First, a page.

Medical marijuana supporters are breathing a sigh of relief as they hope to avoid a possible crackdown by the Trump administration.
With Congress closing in on a government funding bill to last through September, lawmakers intend to extend a provision that blocks the Department of Justice from interfering with medical marijuana companies in states that have legalized the drug for medicinal purposes.
The government funding bill also carves out room for researchers to study industrial hemp.
These provisions were included in the previous government funding bill that expired last Friday, raising the possibility that Attorney General Jeff SessionsJefferson (Jeff) Beauregard SessionsOvernight Hillicon Valley — Apple issues security update against spyware vulnerability Stanford professors ask DOJ to stop looking for Chinese spies at universities in US Overnight Energy & Environment — Democrats detail clean electricity program MORE could begin a nationwide crackdown on medical marijuana companies with the next funding measure.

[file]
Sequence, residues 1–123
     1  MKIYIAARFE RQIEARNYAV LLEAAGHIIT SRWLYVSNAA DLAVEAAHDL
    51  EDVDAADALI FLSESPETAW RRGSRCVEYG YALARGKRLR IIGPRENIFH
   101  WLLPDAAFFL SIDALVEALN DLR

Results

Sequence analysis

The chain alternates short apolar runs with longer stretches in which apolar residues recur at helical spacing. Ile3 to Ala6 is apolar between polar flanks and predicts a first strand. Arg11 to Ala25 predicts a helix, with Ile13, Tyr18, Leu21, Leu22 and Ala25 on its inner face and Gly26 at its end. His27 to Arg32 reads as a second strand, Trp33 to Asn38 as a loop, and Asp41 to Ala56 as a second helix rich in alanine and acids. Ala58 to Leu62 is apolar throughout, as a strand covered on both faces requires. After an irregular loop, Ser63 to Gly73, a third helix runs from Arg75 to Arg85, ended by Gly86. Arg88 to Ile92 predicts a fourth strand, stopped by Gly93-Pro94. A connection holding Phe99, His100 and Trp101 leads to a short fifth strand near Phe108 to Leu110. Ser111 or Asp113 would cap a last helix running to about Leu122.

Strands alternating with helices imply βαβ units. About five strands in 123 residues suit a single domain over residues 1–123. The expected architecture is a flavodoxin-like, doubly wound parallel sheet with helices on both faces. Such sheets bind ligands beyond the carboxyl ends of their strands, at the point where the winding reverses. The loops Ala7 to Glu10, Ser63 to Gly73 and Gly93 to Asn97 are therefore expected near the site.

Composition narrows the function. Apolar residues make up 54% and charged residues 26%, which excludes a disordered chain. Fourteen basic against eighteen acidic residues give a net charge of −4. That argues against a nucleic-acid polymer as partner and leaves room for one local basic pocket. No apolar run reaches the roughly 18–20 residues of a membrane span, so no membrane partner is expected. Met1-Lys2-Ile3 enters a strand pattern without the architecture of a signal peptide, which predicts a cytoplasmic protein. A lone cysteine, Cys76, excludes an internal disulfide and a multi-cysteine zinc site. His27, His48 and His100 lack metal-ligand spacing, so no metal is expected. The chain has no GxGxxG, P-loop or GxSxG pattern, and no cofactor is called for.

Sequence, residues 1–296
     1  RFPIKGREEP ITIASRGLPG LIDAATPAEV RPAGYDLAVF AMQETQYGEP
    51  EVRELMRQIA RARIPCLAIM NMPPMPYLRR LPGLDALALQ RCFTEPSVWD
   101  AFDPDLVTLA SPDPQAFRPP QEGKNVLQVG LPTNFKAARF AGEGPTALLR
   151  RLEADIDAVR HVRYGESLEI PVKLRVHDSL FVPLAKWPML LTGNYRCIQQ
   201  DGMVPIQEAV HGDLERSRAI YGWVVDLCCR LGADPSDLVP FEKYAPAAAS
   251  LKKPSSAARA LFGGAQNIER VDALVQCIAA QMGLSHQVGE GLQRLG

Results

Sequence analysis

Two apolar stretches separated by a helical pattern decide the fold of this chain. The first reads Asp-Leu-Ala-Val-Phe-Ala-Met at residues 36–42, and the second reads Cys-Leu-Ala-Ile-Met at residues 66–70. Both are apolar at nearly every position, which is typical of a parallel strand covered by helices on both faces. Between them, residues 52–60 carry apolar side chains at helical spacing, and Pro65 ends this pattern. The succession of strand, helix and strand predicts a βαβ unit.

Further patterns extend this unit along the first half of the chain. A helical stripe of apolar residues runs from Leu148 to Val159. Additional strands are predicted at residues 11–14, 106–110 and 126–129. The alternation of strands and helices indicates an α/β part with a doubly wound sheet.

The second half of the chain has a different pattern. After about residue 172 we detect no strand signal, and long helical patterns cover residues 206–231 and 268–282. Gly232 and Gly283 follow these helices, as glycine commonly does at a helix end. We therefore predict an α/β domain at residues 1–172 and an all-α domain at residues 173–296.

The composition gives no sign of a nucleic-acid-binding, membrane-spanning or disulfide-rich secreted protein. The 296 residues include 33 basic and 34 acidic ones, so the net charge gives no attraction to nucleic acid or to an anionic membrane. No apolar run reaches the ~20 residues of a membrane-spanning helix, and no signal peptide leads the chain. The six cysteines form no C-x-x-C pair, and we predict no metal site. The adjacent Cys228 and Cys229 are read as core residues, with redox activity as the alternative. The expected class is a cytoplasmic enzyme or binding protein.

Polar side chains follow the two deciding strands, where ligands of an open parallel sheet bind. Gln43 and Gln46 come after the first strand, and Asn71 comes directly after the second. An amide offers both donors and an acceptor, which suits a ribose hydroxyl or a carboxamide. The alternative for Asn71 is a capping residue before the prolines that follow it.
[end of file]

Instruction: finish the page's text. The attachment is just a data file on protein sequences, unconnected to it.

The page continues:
“Medical marijuana patients and the businesses that support them now have a measure of certainty,” said Rep. Earl BlumenauerEarl BlumenauerPhotos of the Week: Renewable energy, gymnast testimonies and a Met Gala dress Bottom line American workers need us to get this pandemic under control around the world MORE (D-Ore.), who is helping push the medical marijuana budget measure through Congress.
Congress passed a one-week budget extension last Friday and is expected by the end of the week to extend funding through September. The marijuana provisions are expected to be included in the budget extension.
The medical marijuana budget measure passed in 2014 but must be renewed each year in the government spending bill. It was originally sponsored by Reps. Dana Rohrabacher (R-Calif.) and Sam FarrSamuel (Sam) Sharon FarrMedical marijuana supporters hopeful about government funding bill Marijuana advocates to give away free joints on Capitol Hill DEA decision against reclassifying marijuana ignores public opinion MORE (D-Calif.); Blumenauer has since replaced the retired Farr as the Democratic co-sponsor.
Blumenauer and other lawmakers who support looser pot laws would like to make it a permanent fixture in the nation’s laws.
“This annual challenge must end,” Blumenauer said. “We need permanent protections for state-legal medical marijuana programs, as well as adult-use.”